How to Rekindle Your Relationship
Once the fire gets going, it doesn't take much to keep it hot.
Posted Dec 14, 2014
What if this tool was your own voice? Your words? What if this was the answer to the question of how to rekindle a relationship.
Some things are so simple, it's easy to lose sight of their power. This experience happened during a psychotherapy session many years ago, but it’s still vivid in my mind.
It was my first meeting with Pam, and I had no prior knowledge of why she was seeking help. She presented as one of the most beautiful, vivacious, and engaging young women I had ever met; anyone looking at her would think she had the world by the tail. Underneath this veneer, however, she was deeply troubled, and she'd already been to numerous psychologists and psychiatrists seeking help.
She had the routine down pat. She knew that in the first session the goal is typically to gather a lot of background information, assess the situation, and formulate a plan. Quickly listing her symptoms without adding a lot of tangential detail, she played the role of the good client well.
When I asked about her family background, her composure faltered, but only slightly. She seemed determined to tell her story without showing me how deep her scars were. She unfolded for me some of the most horrific stories of abuse I’d ever heard.
All the training in the world didn't prepare me for such a moment when no words could possibly convey the depth of feeling evoked. Struggling to fight back tears, all I could say was, “I'm so sorry that happened to you.”
What happened next was what surprised me. My simple words of sorrow, words that seem hopelessly inadequate to me, released a myriad of emotions in her. She said that in her numerous visits to mental health professionals in the past, not one of them had expressed anything remotely personal, such as “I'm sorry.”
It turned out to be a powerful session. She was able to express her anger at the doctors and therapists who while she told of her traumatic background, kept their heads down writing notes on yellow legal pads, as if she'd been talking about having a sore throat or headache. She expressed surprise that I treated her not as a patient, but a person.
This was the beginning of healing for Pam. She gradually learned to treat herself with the compassion and respect she deserved.
This session reminded me of something important: it's not the techniques that matter; rather, what's important is the genuine desire to fully be there with another person.
Unfortunately, genuineness can be hard to come by, for it means feeling the pain of the other is if it were your own. To share this pain, you must hold steadfast to a belief in the healing and transformative power of listening.
It doesn't matter if you don't say the perfect thing – there is no perfect thing to say in most cases. Just say something from the heart, and your good intentions will shine through. Here are some examples of ways you can use your voice to soothe, simply but surely:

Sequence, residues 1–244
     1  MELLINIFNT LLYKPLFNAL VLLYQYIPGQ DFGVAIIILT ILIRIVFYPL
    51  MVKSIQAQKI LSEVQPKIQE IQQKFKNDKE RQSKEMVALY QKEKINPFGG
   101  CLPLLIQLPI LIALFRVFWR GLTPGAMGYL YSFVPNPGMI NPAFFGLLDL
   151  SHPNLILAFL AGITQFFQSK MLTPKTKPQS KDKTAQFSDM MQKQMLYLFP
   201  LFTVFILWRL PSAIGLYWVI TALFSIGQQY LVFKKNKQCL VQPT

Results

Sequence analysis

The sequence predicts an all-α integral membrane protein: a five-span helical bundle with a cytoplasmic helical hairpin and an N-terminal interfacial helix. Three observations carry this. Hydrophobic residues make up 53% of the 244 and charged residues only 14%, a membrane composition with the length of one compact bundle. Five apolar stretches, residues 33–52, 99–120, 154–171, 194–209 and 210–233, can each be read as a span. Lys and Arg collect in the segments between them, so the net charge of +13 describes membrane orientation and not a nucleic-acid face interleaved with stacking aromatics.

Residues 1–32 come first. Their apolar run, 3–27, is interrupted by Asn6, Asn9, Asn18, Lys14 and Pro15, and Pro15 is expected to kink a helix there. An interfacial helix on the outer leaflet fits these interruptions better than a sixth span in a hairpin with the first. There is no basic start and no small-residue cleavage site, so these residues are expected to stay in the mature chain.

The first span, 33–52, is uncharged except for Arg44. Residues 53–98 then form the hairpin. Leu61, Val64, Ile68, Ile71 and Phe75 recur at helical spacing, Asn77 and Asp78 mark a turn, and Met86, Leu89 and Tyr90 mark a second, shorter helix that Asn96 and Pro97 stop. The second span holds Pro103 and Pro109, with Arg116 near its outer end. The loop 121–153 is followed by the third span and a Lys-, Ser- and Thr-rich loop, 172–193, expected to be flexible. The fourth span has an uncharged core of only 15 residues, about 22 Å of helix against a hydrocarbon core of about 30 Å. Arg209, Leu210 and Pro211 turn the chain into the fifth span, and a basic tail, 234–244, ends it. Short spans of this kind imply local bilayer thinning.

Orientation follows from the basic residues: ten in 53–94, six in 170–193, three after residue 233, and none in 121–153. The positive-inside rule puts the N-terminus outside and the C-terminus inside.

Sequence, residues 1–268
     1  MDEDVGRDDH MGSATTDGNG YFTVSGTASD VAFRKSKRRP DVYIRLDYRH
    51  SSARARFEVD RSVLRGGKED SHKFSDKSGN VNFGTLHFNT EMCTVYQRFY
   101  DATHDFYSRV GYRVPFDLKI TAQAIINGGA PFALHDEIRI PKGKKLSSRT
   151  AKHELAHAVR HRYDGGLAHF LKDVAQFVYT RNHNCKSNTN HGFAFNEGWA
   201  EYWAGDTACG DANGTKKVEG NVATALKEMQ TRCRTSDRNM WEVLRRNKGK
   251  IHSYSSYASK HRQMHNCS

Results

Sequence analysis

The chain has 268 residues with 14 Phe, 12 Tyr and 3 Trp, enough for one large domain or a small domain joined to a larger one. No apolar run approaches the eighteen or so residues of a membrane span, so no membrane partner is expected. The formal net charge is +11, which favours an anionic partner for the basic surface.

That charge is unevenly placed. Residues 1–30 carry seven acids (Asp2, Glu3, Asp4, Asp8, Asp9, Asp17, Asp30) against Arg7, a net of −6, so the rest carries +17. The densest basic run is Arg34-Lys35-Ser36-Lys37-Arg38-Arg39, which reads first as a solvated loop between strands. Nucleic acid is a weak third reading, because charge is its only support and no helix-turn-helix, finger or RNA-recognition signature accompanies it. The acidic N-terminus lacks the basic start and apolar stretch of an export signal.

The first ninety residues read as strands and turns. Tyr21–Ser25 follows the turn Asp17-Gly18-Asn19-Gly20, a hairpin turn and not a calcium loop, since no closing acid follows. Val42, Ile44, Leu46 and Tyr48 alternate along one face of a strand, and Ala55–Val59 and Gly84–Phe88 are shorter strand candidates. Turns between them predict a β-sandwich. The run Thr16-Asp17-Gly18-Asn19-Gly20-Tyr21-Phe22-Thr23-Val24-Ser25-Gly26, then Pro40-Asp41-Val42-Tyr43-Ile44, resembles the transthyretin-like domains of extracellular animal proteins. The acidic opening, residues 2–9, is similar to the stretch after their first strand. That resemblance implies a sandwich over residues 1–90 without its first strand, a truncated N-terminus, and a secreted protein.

- I love you
- I miss you.
- I can't wait to see you.
- It looks like you had a rough day. I want to help.
- I admire you.
- I appreciate you.
- I like you.
- I think you're great.
- I'm here for you.
- I wish you weren’t in such pain.
If couples said these few, short sentences to each other frequently – not in a perfunctory manner, but with unquestioned feeling – much misery in relationships could be avoided.
How can such seemingly small statements improve a relationship? It’s through a process called “kindling” –- which means you can produce increasingly large effects with smaller efforts applied over time. For example, it's the tiniest twigs that start the fire, and the bigger sticks can only catch fire after the smaller ones. And once the fire it's going, if you put on the right kind of wood, it doesn't take a whole lot of effort to get it going.
Couples who enjoy a strong relationship kindle the souls of their partners and, at the same time, the spirit of their relationship. Every day these couples find ways to add freshness to the relationship. These efforts may actually be quite small and simple, but when they're on target, they produce big results. This is how it works – doing the little things, the things you know work, and that keep a relationship vital.
You might also enjoy these other posts about relationships:
- Ten Essential Skills for Coping with Stress
- A Simple Way to Put the Spark Back in Your Relationship
- Relationship Problems: Unlock the Code of Men's Feelings
- The Best Advice for Any Couple
- 58 Caring Behaviors for Couples
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A popular post at The Self-Compassion Project, my other blog, is 80+ Self-Care Ideas.
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I am the co-author of Dying of Embarrassment, Painfully Shy, and Nurturing the Shy Child. Dying of Embarrassment: Help for Social Anxiety & Phobia was found to be one of the most useful and scientifically grounded self-help books in a research study published in Professional Psychology, Research and Practice. I’ve also been featured in the award-winning PBS documentary, Afraid of People. My husband, Greg, and I also co-authored Illuminating the Heart: Steps Toward a More Spiritual Marriage.